Innovative Ideas in Smart City Culture

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Smart Cities on the Rise

The market for smart-city innovative ideas could be worth more than $1.5 trillion by 2020, according to a study by business consulting firm Frost & Sullivan. With such huge growth potential, do you think your city has what it takes to be The World’s Smartest City?

Israel’s cultural center and 2014 World Smart City award winner, Tel Aviv, is making huge strides in Smart City tech and design. This coastal city is breaking ground by thinking inside the box and using Israeli culture to its advantage.

 

But how exactly did Tel Aviv acquire such a status?

As opposed to focusing solely on new technology, Tel Aviv uses its active and tight-knit community. The Tel Aviv municipality’s utilization of internal resources can be likened to SIT’s Closed World Principle—where the focus is not on resources that lay outside, such as new technology, but on the internal resources that can be utilized inside, such as its tight-knit culture.

In addition, with a high population of young people, Tel Avivians are both more open to trying new innovative ideas and incorporating them into their daily lives.  As Claus Tully from the German Institute puts it: “Young people take up modern technology and incorporate it into their everyday lives more rapidly and more unceremoniously than others.”

innovative ideas

Have you heard about SIT’s transformative work in municipalities?

Bat Yam Municipality

Together, SIT and Bat Yam launched The Center for Entrepreneurship in Education.  The center is made up of a community of 400+ entrepreneurs who meet socially and participate in both courses and one-on-one mentoring with SIT and center staff to help them realize their dreams. The Center recently launched an open innovation competition for new ventures, which received 300 entries. Through educational programs and activities for entrepreneurs, the Center seeks to make entrepreneurship a regular part of the daily educational experience.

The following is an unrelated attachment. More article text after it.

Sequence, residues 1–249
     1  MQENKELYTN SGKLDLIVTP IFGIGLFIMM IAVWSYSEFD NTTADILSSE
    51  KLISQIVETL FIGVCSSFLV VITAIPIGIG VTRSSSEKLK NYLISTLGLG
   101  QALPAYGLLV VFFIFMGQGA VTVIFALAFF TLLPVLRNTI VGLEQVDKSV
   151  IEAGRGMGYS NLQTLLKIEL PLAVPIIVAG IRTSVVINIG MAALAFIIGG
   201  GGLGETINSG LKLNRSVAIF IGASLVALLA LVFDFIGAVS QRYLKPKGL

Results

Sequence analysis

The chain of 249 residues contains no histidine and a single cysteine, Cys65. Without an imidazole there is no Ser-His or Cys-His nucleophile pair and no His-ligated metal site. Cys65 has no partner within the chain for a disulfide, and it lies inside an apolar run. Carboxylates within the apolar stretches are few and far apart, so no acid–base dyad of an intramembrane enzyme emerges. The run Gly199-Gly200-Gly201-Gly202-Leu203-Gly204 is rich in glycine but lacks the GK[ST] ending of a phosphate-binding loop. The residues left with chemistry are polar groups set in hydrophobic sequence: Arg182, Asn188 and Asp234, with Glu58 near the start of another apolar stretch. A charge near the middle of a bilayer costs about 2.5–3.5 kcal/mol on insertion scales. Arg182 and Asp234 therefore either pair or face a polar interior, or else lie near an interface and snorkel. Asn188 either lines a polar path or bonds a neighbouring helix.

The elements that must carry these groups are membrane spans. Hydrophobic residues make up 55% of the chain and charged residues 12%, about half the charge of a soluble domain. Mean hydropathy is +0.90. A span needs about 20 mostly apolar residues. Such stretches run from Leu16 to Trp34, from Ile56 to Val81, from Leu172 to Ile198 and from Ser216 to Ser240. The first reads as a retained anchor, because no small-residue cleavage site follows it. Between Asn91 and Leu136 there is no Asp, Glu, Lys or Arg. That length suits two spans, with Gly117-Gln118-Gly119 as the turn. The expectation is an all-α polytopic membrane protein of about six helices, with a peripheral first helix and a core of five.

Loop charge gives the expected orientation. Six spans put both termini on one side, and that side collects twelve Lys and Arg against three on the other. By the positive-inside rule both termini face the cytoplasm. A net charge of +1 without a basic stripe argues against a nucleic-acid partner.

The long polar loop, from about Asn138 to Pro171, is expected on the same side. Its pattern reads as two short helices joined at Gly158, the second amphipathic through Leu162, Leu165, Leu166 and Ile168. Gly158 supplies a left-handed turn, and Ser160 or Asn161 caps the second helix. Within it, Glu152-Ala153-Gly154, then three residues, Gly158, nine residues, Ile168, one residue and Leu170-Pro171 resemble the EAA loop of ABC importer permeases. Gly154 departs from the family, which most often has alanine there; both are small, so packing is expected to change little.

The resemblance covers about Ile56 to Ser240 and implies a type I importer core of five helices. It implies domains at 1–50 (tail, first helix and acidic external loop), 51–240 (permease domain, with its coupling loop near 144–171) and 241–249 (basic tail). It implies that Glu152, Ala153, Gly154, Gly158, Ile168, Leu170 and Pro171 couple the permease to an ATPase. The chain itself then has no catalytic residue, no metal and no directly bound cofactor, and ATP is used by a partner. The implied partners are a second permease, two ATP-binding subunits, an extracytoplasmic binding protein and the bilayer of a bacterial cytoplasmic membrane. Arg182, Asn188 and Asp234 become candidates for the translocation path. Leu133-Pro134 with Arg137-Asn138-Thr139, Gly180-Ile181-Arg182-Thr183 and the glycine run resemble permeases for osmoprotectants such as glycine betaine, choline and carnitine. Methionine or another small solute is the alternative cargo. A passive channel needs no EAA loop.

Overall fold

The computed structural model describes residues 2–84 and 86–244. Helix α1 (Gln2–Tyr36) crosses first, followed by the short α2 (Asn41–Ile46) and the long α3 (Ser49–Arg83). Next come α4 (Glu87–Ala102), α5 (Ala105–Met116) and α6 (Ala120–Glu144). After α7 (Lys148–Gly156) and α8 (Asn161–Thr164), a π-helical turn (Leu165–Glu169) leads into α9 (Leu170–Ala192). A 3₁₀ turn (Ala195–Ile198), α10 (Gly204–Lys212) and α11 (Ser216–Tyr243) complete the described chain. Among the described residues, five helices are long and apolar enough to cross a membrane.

SIT’s work with Municipalities in Colombia

SIT’s work with Colombia proved it is possible to change the interaction between local government and citizens without spending vast sums of money or engaging in extensive regulatory change. But how was this accomplished?

SIT trained 26 innovation coaches from various treasury positions who then ran 26 innovation projects in various departments. Initially, the focus was in the area of taxes. However, due to the project’s success and the substantial savings incurred, the participants have decided to extend the process to support other government departments in the future.

The Minneapolis Municipality

Before opening Target Field, The City of Minneapolis asked SIT to help find innovative solutions to traffic challenges the new ballpark would create. Specifically, SIT created an ideation project to address traffic, parking, and challenges to accessing events in the new ballpark. During the project, participants learned and applied SIT’s Task Unification thinking tool. They addressed physical elements (e.g. taxies, cars, traffic lights, skyways) alongside non-tangible elements (e.g. various types of data and information). The process generated several concrete ideas based on collecting, sharing, and communicating real-time information from multiple sources to streamline traffic, parking, public transportation, and pedestrian movement.